Westminster College updated its Title IX policy ahead of the Fall semester — along with other colleges across the country — to align with the newly updated regulations from the federal government.
Betsy DeVos, the U.S. secretary of education, announced the updates in May — which officially took effect Aug. 14. Part of the updated language includes an official definition of sexual harassment, requires certain supportive measures for survivors on campus and establishes due process for both accusers and the accused.
“I think the biggest change that’s taking place is that students and faculty and staff who encounter Title IX issues now have the option to either do an informal resolution process or go through a formal grievance process,” said Mary Royal, the Title IX coordinator and director of equal opportunity at Westminster College.
An informal resolution is a more flexible option, according to Royal, typically resulting in mediation. A grievance process, on the other hand, is now “strictly outlined” in DeVos’ regulations allowing for live hearings with cross-examinations.
“The advisers actually cross-examine both sides and then a determination is made and then the parties have the opportunity to appeal afterwards,” Royal said. “That’s a big change.”
Westminster’s updated Title IX process
The formal grievance process at Westminster follows a specific timeline that is outlined in “Interim Title IX Procedures for Complaints (Title IX Policy Appendix A).”
Part of the process includes a “Fact Finding” period, which allows for the appointed coordinator to determine the relevancy of the presented information. Both parties will have an equal opportunity to present their side.
The investigator will call to see all information or evidence deemed relevant to the case. However, the Title IX coordinator may step in to deem something as irrelevant and exclude it from the process.
Part of this evidence will include “information related to the allegations, including names of witnesses and documentation related to the incident, which may include but is not limited to, documented communications between parties, receipts, photos, video or other information relevant to the allegations,” according to the school’s policy.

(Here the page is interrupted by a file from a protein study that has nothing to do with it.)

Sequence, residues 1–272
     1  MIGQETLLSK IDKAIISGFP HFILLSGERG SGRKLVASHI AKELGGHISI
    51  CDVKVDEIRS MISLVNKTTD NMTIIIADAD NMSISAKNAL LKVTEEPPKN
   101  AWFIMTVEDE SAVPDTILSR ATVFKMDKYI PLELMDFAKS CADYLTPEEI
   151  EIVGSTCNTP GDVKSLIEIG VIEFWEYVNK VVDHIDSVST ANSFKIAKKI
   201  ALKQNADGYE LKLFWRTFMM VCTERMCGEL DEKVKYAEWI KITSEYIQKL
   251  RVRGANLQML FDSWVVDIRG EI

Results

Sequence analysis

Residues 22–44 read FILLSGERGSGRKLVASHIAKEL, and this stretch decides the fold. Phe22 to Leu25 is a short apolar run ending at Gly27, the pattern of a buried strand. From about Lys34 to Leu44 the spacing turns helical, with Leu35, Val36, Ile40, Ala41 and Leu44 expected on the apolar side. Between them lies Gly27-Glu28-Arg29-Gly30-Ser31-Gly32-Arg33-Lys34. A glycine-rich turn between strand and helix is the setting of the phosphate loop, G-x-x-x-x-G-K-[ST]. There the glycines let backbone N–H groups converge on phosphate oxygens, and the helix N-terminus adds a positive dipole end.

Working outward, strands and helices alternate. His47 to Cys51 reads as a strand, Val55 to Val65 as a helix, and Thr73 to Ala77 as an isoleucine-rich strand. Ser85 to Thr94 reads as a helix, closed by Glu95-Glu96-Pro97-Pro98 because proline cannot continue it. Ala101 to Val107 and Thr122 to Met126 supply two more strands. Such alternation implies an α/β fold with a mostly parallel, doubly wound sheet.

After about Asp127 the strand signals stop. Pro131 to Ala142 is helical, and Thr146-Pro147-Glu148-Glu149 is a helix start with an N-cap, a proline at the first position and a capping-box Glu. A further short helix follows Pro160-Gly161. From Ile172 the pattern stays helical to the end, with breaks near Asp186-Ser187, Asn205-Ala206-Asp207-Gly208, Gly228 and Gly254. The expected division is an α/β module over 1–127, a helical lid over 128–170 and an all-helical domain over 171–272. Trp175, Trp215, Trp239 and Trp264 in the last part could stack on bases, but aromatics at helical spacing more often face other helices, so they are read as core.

However, the college notes “the sexual history” of both parties will not be considered unless deemed necessary for the case.
After the fact finding portion is concluded, the parties will be scheduled for an official hearing which will present the relevant information found during the previous period. Either party may join in-person or virtually.
During the hearings, advisers will conduct cross-examinations of both parties “in real time.” A decision will be made and presented to both parties within 14 days after the conclusion of the hearing.
Both parties are subject to appeal the decision — which can be made on the grounds of a procedural error, the presentation of new evidence or suspicion of bias.
Mary Royal explains how this will affect the campus community
Westminster updated its Title IX policy Aug. 15, one day after the federal regulations took effect. Royal started working at Westminster Aug. 10, spending her first week at Westminster College updating the policy before the deadline.
Royal sat down with Forum reporter Grace French to talk more about how the new regulations will affect the Westminster community. You can listen to the full interview here, or listen on our Spotify, SoundCloud or Apple Podcasts.